If the past fifteen years has been about disseminating content in new ways (think site design, search engine optimization and social networking) the next fifteen will force fundamental changes in how we produce what we produce. Central to this position — advanced by Jeff Stanger in the most recent episode of the Communication Network’s Diavlog Series — is native digital content.
If you could have developed it before the web, it’s not native. Kindle, for instance, won’t make the grade because it simply disseminates the printed word in new ways. Video doesn’t make the grade because you could have watched it on TV. Fuggedabout downloadable PDF’s.
Made more obvious by the advent of the iPad, new digital approaches are daily emerging for those of us advancing ideas that matter. These include interactivity that enables users to customize how they view your data. The most cutting-edge include live data feeds coupled with vibrant data visualization.
The Annie E. Casey Foundation has been creating native digital content for years through its annual Kids Count survey. The Robert Wood Johnson Foundation has developed a wealth of interactive maps that enable viewers to slice and dice information about the magnitude of the nursing shortage, the progression of the obesity epidemic and other healthcare-related issues. The Wallace Foundation has developed a cost-calculator that enables youth development advocates to understand youth development program expense variables based on the Foundation’s extensive data collection on the topic.
As I discussed with Jeff, who recently founded the Center for Digital Information, some of the most robust examples are coming from news organizations. One we discussed is an
interactive graph from the New York Times which showed the most popular World Cup players based on a live data feed demonstrating how many times their names were mentioned on Face Book each day. (You can find other great examples of native digital content — some with topics even more important than soccer — by checking Jeff out on Twitter (@jeffcdi).
Because Jeff’s The Center for Digital Information is devoted to ensuring that public policy organizations can tap these tools to advance change, CommNet members may find this episode especially relevant. Total running time of this interview is 31:39. To view selected sections, use this guide to forward to the time indicated:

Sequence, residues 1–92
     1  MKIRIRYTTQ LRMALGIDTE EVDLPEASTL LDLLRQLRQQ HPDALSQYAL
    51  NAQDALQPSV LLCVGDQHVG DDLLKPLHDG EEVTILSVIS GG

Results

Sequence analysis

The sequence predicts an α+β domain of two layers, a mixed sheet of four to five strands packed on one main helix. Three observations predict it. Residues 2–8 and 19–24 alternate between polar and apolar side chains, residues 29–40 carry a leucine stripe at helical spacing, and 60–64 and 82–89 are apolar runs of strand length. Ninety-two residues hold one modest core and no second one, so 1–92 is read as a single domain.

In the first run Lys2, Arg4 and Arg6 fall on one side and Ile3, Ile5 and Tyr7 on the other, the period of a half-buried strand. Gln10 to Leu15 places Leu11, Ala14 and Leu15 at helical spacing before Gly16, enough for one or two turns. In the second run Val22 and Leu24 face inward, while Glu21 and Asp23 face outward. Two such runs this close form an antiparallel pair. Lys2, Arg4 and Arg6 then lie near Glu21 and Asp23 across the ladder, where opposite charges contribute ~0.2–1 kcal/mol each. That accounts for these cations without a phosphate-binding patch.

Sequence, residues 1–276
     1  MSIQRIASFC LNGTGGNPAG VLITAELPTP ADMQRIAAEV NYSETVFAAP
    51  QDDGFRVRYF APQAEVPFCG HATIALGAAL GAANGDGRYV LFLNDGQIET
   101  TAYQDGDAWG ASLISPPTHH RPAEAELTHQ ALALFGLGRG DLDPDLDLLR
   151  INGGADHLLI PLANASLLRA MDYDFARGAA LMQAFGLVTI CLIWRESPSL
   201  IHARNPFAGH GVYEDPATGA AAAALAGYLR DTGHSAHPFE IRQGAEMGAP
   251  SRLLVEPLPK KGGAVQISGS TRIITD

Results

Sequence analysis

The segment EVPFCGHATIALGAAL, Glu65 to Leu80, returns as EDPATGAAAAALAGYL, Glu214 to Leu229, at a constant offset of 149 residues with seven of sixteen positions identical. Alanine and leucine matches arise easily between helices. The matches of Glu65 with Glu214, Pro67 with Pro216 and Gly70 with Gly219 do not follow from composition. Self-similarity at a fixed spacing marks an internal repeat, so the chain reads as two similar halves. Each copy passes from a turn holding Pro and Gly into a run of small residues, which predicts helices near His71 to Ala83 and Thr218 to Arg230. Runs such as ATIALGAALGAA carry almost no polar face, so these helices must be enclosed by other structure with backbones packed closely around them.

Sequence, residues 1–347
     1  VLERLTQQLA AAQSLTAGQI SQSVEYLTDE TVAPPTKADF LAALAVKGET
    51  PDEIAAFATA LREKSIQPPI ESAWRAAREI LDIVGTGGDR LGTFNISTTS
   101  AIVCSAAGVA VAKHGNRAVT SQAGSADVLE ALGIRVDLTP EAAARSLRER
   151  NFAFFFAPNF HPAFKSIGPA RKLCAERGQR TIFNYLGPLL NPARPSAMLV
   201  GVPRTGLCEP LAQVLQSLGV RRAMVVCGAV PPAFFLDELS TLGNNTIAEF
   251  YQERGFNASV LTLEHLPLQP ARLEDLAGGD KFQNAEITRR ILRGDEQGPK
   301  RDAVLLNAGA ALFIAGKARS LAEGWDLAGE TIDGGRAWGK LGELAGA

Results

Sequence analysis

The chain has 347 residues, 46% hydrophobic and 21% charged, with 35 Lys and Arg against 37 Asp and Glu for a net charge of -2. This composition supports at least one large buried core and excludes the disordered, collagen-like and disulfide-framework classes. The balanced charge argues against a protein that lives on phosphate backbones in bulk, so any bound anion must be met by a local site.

- Site design, search engine optimization, and social media came first. Now comes truly digital content. (1:10-3:38)
- Characteristics of digital content and examples (3:38-9:44)
- Not just data visualization or multimedia – it is fueled by live data and interactivity (9:44-19:30)
- Center for Digital Information focusing on policy research content (19:30-24:29)
- Institutional challenges to taking advantage of these approaches (24:29-27:05)
- Gaining personal “fluency” with digital content (27:05-31:38) — Hint, hint: permission to buy an iPad is hereby granted by Jeff!
If you are like me, once you begin to fall in love with this type of approach, you want to learn how to make it your own. These days that usually means some sort of platform or template that you can hire a brainy juvenile to program for you. Google Public Data Explorer let’s you create interactive graphs from public data but doesn’t appear (yet) to let you do the same with your own. While the data sets from which it lets you create interactive charts are severely limited, that’s bound to change fast. If you are advancing messages about the impact of philanthropy or working to increase the transparency of your foundations grantmaking, you would do well to check out The Foundation Center’s Philanthropy In/sight service that lets you create your own interactive maps from the Center’s data base.
As you might sense, I am geeked about digital content. Please let me know about examples you are working on so I can share them more broadly through the Communications Network.